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2018 ADP Throwdown - Trey Burton vs. Jordan Reed


Fantasy football draft season is upon us and RotoBaller is here to help! In this series, two RotoBaller experts will discuss the merits of two players with similar value and average draft position (ADP). Remember that situations will change for all players over the course of the summer and it may impact where they are selected in drafts.

This article comes from staff writers Steve Rebeiro and Kev Mahserejian, who compare two tight ends with mid-round ADPs that fall around the eighth round.

Perpetually injured Washington tight end Jordan Reed is defended by Steve, while Kev argues in favor of new Bears pass-catching TE Trey Burton. Who do you trust in 2018?

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Opening Statements: Who Do You Draft?

Trey Burton is Ready to Bring the Philly Special to Chicago – Kev Mahserejian

Former Eagle/Current Bear Trey Burton doesn’t exactly have the surface numbers to back-up his draft position but he is definitely worth consideration at his mid-round ADP. For the past four years in Philadelphia, he had been behind Pro Bowler Zach Ertz and veteran Brent Celek.

His playtime was limited to just 741 career snaps, which leaves us with a pretty small sample size to evaluate him upon. However, in the four games that Ertz missed since 2016, Burton was able to hold his own as the primary receiving TE.

Ertz was absent against the Bears and Steelers in 2016 then also against the Broncos and Rams in 2017. Burton’s totals through those four games are 14 receptions on 23 targets, 180 yards, and three touchdowns. Two of those touchdowns came against the Rams in a brilliant performance by the Eagles offense but nevertheless, Burton managed to score at least 10 points in standard scoring formats for three of these four games.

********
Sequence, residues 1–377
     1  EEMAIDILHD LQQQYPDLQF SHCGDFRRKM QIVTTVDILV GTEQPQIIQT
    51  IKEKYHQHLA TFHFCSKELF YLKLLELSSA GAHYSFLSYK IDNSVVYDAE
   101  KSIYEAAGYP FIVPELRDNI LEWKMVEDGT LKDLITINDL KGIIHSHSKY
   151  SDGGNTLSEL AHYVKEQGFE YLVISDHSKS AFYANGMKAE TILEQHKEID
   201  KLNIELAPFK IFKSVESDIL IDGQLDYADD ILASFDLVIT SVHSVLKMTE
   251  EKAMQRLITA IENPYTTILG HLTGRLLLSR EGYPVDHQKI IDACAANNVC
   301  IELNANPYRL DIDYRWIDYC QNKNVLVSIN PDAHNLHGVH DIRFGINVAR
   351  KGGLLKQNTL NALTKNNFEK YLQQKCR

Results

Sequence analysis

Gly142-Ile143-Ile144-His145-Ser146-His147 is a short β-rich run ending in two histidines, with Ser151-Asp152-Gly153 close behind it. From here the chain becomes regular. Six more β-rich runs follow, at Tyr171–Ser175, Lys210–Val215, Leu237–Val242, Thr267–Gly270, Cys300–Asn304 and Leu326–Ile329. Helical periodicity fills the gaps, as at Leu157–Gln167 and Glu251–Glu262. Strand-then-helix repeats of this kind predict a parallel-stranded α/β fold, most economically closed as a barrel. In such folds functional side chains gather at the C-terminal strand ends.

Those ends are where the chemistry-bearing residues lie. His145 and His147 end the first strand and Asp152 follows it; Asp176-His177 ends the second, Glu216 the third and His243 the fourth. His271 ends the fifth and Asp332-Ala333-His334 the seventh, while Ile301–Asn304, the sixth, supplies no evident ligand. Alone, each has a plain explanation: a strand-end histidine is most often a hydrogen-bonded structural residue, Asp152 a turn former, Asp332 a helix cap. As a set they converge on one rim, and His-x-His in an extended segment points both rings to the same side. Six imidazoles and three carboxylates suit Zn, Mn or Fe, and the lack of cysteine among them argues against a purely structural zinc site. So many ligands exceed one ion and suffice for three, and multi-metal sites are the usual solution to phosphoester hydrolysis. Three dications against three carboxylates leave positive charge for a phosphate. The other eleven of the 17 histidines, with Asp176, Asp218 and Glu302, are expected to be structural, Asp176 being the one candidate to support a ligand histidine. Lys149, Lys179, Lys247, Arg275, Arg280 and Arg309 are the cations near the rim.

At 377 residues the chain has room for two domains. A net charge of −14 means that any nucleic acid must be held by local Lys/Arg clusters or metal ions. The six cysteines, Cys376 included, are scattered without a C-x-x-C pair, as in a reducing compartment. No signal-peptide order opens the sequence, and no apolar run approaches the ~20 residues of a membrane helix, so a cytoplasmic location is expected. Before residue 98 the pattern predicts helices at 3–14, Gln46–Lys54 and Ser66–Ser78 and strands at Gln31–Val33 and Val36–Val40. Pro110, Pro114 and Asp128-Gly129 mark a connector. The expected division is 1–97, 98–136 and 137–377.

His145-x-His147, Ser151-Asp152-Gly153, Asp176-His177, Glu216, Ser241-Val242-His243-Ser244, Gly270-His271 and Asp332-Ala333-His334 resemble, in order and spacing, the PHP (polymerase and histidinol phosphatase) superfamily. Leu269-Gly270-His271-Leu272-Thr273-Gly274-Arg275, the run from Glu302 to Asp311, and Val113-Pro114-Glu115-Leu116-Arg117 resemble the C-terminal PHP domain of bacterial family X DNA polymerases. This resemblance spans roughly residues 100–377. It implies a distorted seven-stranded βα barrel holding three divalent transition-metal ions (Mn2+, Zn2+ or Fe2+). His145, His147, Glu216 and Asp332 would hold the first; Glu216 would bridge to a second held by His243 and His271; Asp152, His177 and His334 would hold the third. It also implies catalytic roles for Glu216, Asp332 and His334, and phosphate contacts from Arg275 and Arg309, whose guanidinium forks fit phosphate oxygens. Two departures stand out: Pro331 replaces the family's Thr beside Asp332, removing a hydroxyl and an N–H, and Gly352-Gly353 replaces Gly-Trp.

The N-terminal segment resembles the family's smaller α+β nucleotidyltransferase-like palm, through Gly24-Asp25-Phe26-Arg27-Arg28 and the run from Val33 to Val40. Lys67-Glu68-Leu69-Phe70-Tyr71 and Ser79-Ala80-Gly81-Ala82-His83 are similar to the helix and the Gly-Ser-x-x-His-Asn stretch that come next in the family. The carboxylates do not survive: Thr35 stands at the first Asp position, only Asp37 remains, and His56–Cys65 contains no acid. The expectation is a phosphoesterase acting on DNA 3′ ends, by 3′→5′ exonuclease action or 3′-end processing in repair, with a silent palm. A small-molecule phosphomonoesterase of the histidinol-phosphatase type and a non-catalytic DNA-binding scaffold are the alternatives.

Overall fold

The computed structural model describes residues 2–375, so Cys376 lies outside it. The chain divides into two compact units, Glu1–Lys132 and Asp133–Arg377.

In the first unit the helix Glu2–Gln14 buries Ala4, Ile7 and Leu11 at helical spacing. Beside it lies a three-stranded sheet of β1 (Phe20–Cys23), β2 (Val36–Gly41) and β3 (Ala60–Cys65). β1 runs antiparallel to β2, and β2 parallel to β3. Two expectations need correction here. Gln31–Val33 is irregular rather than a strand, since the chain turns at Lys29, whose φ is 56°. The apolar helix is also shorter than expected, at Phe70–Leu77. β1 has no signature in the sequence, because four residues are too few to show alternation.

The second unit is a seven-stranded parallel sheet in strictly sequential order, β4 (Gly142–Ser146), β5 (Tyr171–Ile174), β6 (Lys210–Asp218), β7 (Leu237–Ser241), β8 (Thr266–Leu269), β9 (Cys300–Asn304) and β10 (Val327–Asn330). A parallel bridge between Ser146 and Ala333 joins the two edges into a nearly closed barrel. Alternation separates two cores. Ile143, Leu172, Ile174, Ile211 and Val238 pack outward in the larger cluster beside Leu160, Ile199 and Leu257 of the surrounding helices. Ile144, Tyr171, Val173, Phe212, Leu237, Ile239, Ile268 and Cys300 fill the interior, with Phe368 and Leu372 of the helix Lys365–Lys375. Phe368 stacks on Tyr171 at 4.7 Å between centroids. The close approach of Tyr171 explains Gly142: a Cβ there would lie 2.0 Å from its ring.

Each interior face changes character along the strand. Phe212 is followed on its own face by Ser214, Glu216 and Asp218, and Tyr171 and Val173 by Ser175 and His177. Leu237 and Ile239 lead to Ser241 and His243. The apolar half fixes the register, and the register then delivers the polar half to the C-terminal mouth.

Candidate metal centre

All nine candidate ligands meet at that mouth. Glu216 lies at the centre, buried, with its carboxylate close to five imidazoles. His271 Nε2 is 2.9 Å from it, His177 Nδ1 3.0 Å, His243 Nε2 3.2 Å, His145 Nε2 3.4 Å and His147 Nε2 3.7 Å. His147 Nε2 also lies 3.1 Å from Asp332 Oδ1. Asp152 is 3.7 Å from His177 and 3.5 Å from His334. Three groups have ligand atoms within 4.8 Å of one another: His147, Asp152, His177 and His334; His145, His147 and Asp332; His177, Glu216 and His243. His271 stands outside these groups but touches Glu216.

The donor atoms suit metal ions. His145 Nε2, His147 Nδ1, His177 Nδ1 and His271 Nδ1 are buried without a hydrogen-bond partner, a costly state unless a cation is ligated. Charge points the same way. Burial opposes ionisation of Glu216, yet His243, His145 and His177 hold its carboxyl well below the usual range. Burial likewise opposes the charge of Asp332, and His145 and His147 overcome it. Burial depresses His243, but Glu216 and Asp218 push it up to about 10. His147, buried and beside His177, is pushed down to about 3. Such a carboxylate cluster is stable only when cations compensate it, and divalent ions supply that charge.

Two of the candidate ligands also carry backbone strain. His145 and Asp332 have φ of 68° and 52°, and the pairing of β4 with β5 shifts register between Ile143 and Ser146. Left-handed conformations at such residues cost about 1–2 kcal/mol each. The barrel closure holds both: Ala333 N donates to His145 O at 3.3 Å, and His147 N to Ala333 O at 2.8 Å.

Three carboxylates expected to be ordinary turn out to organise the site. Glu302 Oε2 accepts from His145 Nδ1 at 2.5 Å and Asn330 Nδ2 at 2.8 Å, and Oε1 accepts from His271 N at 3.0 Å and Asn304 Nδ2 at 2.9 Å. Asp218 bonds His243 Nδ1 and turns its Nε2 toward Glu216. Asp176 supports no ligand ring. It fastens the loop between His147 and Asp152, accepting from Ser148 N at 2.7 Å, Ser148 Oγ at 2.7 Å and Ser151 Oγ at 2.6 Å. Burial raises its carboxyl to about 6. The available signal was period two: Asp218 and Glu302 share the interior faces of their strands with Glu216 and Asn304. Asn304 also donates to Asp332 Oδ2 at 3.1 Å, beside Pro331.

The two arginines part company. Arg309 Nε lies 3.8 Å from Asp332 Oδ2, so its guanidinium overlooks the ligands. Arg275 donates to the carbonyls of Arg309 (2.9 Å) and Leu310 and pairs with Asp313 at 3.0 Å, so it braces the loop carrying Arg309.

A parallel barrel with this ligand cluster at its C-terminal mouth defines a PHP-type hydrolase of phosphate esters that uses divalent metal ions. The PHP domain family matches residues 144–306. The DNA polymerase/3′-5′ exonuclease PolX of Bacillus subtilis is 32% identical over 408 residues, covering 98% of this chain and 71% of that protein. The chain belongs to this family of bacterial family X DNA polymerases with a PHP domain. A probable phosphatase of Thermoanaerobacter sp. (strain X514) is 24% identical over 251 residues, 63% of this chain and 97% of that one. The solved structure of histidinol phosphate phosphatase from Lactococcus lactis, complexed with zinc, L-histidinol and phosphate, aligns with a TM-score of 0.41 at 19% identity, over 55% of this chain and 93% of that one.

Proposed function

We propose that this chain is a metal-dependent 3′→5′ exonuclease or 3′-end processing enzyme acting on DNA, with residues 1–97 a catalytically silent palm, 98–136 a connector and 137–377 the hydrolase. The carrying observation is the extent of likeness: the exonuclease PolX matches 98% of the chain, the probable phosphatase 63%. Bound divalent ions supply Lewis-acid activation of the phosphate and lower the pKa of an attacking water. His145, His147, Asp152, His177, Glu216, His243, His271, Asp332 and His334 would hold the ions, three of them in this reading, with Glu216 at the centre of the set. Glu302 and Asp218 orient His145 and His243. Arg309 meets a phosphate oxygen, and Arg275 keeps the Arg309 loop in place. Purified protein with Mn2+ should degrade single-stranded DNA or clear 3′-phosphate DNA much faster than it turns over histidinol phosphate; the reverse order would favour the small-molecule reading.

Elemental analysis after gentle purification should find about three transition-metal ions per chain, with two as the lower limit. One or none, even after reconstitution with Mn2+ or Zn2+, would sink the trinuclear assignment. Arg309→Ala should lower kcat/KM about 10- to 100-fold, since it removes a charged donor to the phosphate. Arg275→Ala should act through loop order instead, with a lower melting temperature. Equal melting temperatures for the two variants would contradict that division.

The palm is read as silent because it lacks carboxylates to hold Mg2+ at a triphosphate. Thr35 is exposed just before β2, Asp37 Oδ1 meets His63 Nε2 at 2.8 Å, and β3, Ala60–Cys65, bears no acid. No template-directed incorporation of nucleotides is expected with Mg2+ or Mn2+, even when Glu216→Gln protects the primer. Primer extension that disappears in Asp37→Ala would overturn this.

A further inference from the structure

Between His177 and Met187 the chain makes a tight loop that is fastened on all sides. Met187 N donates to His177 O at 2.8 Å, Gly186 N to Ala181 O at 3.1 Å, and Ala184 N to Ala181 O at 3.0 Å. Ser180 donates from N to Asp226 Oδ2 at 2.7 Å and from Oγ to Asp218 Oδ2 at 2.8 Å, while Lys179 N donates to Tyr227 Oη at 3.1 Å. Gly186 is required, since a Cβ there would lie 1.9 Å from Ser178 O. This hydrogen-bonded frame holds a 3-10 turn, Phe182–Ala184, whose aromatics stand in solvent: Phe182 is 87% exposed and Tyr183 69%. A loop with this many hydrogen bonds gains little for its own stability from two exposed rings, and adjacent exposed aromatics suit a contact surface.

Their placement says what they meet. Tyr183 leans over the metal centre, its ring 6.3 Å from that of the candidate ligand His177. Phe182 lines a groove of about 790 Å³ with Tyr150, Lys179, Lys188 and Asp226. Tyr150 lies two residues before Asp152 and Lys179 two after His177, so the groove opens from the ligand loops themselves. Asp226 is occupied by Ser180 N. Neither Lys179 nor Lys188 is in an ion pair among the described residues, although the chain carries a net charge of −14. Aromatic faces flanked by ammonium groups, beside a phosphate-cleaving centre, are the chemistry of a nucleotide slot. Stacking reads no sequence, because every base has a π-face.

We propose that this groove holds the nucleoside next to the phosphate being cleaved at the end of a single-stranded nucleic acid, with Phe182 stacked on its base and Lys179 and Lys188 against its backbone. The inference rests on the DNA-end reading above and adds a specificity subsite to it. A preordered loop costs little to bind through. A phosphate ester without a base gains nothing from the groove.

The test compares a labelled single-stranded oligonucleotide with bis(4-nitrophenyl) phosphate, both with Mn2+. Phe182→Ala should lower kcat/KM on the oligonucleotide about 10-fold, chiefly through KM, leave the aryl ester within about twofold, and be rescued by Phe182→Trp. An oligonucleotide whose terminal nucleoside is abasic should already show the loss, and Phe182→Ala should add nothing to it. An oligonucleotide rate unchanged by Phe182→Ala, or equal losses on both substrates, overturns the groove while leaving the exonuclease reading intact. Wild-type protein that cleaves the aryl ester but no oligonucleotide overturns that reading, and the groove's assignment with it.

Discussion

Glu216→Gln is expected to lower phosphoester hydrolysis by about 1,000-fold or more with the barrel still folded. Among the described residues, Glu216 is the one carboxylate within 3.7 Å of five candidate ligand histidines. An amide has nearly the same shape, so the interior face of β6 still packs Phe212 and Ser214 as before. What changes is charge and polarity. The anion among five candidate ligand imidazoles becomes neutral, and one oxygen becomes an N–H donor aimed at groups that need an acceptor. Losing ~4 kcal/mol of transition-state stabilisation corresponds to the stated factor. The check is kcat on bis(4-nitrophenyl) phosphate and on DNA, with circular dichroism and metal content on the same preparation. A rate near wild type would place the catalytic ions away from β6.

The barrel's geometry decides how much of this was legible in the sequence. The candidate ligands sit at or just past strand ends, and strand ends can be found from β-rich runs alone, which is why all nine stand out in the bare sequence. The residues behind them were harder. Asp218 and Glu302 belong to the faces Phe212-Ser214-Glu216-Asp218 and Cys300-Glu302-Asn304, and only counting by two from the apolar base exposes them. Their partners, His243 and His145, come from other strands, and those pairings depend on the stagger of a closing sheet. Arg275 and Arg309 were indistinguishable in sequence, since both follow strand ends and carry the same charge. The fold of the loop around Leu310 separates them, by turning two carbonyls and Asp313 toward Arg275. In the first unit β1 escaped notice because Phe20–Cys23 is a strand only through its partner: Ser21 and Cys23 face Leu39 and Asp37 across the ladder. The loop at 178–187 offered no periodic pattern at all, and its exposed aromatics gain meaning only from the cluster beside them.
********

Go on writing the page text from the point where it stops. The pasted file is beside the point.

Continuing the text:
He is a stud just waiting to break onto the scene and he is being given that opportunity for the first time at the prime age of 26. Burton saw his playtime and usage fluctuate throughout his first three seasons on the Eagles’ active roster and is now ready for a full-time role in a Matt Nagy led offense that catapulted Travis Kelce to TE1 status. Burton is primed for a breakout in his first season as Chicago’s starting tight end.

 

Jordan Reed Has Overall TE1 Upside - Steve Rebeiro

Jordan Reed is one of the most dynamic tight ends in the NFL. Originally recruited to the University of Florida as a quarterback, Reed switched to tight end, had less than 1,000 total yards in his three years at Florida and was still drafted in the third round!

Reed saw his breakout year in 2015, where he ranked second in standard points per game among tight ends and first in PPR. Reed continued his streak as the top scoring tight end in PPR scoring in 2016 before injuries set him back in 2017.

At this point in his career, we remember Jordan Reed more for his injuries than for his play. But the man is an absolute force when he’s on the field. The head coach Reed flourished in still coaches in Washington. The quarterback has changed, but bringing in Alex Smith should be a positive for Reed. Smith’s favorite target in Kansas City was his tight end Travis Kelce.